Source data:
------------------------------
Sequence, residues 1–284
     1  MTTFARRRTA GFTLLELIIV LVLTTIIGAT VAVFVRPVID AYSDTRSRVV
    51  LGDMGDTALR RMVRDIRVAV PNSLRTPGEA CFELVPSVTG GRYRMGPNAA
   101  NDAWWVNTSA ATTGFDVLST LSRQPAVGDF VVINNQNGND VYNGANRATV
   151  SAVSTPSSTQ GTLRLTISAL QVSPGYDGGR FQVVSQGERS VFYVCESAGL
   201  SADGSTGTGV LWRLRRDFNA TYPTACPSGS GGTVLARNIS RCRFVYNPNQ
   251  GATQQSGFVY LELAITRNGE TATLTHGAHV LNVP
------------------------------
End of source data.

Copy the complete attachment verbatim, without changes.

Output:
Sequence, residues 1–284
     1  MTTFARRRTA GFTLLELIIV LVLTTIIGAT VAVFVRPVID AYSDTRSRVV
    51  LGDMGDTALR RMVRDIRVAV PNSLRTPGEA CFELVPSVTG GRYRMGPNAA
   101  NDAWWVNTSA ATTGFDVLST LSRQPAVGDF VVINNQNGND VYNGANRATV
   151  SAVSTPSSTQ GTLRLTISAL QVSPGYDGGR FQVVSQGERS VFYVCESAGL
   201  SADGSTGTGV LWRLRRDFNA TYPTACPSGS GGTVLARNIS RCRFVYNPNQ
   251  GATQQSGFVY LELAITRNGE TATLTHGAHV LNVP